Nicki Minaj's "Super Bass" was the graceful, bangin' balance between the pop and rap sides of her coin, a track with perfect peace with current top 40. Now with "The Boys," the Young Money artist yet again achieves that yin and yang, for urban radio. On top of that, we get a -- gasp -- feminine view into Minaj's songcraft.
After so many songs adopting the common male hip-hop vernacular, Minaj puts Roman aside for the moment to talk about "The Boys," featuring rising R&B vocalist Cassie. These hip-hop guys are "always spending all their money on love," an assertion that's notable for a couple of reasons. First, the chorus arrives on the heels rumors flying about Cassie and notable money-and-love lover Diddy.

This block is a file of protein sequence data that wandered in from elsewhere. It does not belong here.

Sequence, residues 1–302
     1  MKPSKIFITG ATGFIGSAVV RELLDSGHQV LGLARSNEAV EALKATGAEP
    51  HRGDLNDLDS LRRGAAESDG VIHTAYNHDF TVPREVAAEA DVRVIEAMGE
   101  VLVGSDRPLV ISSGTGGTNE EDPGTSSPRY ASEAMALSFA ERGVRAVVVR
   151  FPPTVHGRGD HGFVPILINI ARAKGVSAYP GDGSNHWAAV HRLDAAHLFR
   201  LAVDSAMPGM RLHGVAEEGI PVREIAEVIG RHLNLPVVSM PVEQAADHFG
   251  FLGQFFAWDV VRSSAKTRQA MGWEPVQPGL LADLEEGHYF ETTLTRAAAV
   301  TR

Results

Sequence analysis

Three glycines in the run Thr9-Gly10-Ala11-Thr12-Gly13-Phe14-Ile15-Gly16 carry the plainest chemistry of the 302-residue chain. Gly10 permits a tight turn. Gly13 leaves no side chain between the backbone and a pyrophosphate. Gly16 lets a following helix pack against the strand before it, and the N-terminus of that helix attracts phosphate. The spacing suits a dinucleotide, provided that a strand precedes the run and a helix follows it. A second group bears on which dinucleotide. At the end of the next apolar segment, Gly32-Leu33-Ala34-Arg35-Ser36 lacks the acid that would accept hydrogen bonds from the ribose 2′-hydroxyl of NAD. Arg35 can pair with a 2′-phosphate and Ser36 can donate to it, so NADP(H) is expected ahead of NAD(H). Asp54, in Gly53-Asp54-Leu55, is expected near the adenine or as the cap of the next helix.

Second, it's the counter-argument to "the boys" going broke because of their girlfriends: it's not the girls asking for money, it's the boys blowing it themselves. Kanye, Jay-Z, Rick Ross, crew boss Lil Wayne and others all have verses insisting on outfitting their women in the very brand names they endorse... or worse, call out the bitches, hoes and other pet names for "taking" rappers' cash for money for purses, shoes, whatever.
Third, it removes the female from general equation, and simply points the cashflow toward "love," here as a service rendered, or a simple commodity. "They want to touch it, taste it, see it, pet it, bone it, own it," the auto-tuned voice sings, defining "love" as less than a woman and more of an object. You know: money, cash, hoes, money, cash, chicks, what.
That sentiment goes hand-in-hand with the big, soupy-sweet hook of the chorus, which could also be read a couple of ways. "You get high / Love a bunch of girls / And then cry / on top of the world" may read with the last line as a quote "And then cry, 'On top of the world'" or it could simply be the rapper whining or crying when he's at the top of his game. Either way, "loving" a bunch of girls is the prerequisite to the rapper's successful business model.